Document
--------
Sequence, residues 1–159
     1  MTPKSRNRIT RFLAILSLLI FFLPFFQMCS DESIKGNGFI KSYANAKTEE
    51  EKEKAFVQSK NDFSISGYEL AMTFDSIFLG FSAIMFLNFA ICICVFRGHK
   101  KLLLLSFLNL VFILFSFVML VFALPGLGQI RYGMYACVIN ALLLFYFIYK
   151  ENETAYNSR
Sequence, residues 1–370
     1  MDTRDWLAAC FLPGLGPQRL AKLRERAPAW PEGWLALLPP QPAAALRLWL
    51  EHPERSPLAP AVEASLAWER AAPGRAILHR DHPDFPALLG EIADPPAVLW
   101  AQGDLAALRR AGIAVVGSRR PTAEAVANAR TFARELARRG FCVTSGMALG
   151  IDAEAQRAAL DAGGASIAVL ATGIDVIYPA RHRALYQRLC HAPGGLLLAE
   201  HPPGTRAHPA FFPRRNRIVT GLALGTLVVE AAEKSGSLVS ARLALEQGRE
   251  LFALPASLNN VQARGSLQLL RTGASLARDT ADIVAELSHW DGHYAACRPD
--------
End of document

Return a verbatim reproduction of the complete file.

Sequence, residues 1–159
     1  MTPKSRNRIT RFLAILSLLI FFLPFFQMCS DESIKGNGFI KSYANAKTEE
    51  EKEKAFVQSK NDFSISGYEL AMTFDSIFLG FSAIMFLNFA ICICVFRGHK
   101  KLLLLSFLNL VFILFSFVML VFALPGLGQI RYGMYACVIN ALLLFYFIYK
   151  ENETAYNSR
Sequence, residues 1–370
     1  MDTRDWLAAC FLPGLGPQRL AKLRERAPAW PEGWLALLPP QPAAALRLWL
    51  EHPERSPLAP AVEASLAWER AAPGRAILHR DHPDFPALLG EIADPPAVLW
   101  AQGDLAALRR AGIAVVGSRR PTAEAVANAR TFARELARRG FCVTSGMALG
   151  IDAEAQRAAL DAGGASIAVL ATGIDVIYPA RHRALYQRLC HAPGGLLLAE
   201  HPPGTRAHPA FFPRRNRIVT GLALGTLVVE AAEKSGSLVS ARLALEQGRE
   251  LFALPASLNN VQARGSLQLL RTGASLARDT ADIVAELSHW DGHYAACRPD